Ringgit Declines to Lowest Since 2010, Bonds Drop on Fed Outlook


(Bloomberg) – Malaysia’s ringgit fell to the weakest level since June 2010 and bonds declined after Federal Reserve minutes showed policy makers back Chairman Ben S. Bernanke’s plan to cut stimulus, boosting demand for the dollar.

Ringgit forwards dropped the most in two months and the benchmark stock index slipped to the lowest since May, tracking a selloff across Asian markets. Fed members are “broadly comfortable” with the plan to reduce bond-buying later this year should the economy improve, according to the record of the July 30-31 meeting. Malaysia’s current-account surplus fell to the least since at least 1999, data showed yesterday, while the central bank pared its 2013 growth forecast.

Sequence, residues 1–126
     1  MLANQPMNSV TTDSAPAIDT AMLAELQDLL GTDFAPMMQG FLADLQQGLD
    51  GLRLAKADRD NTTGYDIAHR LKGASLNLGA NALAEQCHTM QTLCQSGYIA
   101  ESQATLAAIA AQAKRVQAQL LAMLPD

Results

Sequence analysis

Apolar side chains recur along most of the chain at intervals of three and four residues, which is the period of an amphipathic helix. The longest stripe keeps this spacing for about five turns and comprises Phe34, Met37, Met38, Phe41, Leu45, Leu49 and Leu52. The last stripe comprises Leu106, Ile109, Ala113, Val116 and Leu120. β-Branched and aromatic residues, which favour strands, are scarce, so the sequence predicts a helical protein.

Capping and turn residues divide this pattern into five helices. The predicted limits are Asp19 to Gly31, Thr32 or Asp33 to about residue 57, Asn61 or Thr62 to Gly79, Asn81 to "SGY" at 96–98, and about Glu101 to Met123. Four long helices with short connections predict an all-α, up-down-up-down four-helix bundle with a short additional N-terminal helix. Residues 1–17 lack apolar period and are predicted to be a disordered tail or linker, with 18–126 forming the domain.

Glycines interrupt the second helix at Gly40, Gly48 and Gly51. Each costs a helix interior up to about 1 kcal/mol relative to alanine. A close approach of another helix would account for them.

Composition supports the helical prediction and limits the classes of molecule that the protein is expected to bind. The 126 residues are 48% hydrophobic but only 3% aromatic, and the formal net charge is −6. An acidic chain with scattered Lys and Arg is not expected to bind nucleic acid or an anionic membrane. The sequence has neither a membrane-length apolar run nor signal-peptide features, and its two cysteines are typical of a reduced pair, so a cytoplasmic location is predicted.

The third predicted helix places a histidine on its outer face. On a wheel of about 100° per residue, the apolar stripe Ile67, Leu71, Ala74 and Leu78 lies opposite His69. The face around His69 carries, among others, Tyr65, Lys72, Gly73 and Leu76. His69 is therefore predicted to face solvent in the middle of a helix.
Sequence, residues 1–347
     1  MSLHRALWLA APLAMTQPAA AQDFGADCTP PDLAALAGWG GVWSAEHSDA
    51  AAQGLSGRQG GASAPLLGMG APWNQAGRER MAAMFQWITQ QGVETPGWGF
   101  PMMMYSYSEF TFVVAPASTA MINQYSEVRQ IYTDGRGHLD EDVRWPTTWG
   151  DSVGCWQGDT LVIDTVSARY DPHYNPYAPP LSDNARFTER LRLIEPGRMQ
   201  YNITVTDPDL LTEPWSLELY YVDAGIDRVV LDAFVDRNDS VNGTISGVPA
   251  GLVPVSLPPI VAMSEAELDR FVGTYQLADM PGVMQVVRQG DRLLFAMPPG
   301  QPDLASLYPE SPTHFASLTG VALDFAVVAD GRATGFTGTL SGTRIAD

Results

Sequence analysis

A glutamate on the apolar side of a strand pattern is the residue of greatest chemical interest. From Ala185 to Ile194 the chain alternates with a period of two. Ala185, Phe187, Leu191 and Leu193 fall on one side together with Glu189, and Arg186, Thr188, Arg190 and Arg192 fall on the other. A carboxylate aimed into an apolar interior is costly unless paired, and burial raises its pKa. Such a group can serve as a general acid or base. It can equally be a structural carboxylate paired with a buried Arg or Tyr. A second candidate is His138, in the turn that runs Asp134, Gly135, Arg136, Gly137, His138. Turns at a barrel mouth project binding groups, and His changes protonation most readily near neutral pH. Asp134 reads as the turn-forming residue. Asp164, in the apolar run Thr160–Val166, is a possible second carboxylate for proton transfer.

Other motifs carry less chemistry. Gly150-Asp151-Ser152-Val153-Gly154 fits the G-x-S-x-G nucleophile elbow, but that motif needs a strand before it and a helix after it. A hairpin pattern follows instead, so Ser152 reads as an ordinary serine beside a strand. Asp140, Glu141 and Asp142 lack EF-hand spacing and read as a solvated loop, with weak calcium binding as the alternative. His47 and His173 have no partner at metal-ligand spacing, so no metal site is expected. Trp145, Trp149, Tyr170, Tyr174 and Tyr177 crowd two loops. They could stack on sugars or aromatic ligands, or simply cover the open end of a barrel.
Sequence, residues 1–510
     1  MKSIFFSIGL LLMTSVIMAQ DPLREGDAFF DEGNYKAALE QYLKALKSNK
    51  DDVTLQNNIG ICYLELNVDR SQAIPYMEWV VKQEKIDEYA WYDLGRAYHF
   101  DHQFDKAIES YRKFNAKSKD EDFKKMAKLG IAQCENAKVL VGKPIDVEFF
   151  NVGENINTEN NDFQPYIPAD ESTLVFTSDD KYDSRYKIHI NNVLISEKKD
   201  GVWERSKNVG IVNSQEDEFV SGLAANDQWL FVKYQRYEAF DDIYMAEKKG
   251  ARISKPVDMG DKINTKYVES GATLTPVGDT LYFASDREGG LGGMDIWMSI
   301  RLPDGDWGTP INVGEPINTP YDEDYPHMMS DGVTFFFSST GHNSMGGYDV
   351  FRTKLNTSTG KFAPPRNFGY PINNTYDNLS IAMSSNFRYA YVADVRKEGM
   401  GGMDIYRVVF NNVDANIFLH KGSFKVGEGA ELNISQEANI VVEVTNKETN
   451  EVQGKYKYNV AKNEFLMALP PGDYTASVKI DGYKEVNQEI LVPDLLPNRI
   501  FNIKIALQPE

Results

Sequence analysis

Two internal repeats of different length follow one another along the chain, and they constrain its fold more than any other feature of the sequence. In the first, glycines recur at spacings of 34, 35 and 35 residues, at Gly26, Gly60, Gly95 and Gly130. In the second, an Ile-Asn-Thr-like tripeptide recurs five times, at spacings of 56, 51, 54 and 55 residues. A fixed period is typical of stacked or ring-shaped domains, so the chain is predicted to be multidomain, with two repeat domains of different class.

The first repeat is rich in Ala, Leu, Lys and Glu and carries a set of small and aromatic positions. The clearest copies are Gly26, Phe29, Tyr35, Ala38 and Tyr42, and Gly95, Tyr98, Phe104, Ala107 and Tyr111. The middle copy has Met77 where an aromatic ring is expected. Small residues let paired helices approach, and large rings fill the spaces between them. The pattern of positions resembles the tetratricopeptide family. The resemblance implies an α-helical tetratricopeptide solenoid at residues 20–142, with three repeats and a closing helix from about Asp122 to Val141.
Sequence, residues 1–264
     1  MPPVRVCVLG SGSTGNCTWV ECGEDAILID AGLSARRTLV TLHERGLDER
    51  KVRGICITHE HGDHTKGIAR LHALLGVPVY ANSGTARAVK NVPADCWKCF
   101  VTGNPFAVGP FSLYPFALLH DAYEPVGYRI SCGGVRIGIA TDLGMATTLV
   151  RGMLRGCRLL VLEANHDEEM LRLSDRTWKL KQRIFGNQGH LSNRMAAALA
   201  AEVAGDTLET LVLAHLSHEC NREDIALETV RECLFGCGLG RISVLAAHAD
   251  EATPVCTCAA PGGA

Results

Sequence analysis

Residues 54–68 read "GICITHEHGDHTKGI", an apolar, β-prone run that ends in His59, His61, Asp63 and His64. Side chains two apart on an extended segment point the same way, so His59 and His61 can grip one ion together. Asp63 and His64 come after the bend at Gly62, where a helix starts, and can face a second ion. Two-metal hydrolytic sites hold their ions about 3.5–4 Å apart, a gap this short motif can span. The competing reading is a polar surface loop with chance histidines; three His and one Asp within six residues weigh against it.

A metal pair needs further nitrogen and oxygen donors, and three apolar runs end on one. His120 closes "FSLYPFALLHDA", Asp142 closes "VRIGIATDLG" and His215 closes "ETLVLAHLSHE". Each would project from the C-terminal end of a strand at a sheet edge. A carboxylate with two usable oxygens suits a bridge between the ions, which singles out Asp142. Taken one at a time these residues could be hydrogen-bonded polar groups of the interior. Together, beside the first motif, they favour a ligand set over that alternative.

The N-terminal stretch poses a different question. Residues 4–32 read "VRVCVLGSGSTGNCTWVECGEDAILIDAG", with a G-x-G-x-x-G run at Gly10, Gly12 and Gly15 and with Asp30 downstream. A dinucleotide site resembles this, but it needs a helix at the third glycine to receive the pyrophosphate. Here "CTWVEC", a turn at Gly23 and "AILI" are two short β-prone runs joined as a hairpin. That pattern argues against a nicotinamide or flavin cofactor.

“The dollar was strong after the minutes,” said Nizam Idris, the head of fixed income and currency strategy at Macquarie Bank Ltd. in Singapore. “The market is still worried and probably pricing in the potential for Malaysia’s current account to fall into deficit.”

The ringgit retreated 0.7 percent, the biggest drop since June 20, to 3.3180 per dollar as of 10:45 a.m. in Kuala Lumpur, according to data compiled by Bloomberg. It touched 3.3220, the weakest since June 10, 2010. One-month implied volatility, a measure of expected moves in the exchange rate used to price options, rose 67 basis points to 10.41 percent.

One-month non-deliverable forwards dropped 1 percent to 3.3265 against the greenback, the lowest since June 2010 and 0.3 percent weaker than the spot rate. The Bloomberg U.S. Dollar Index climbed 0.3 percent to 1029.50, a two-week high.

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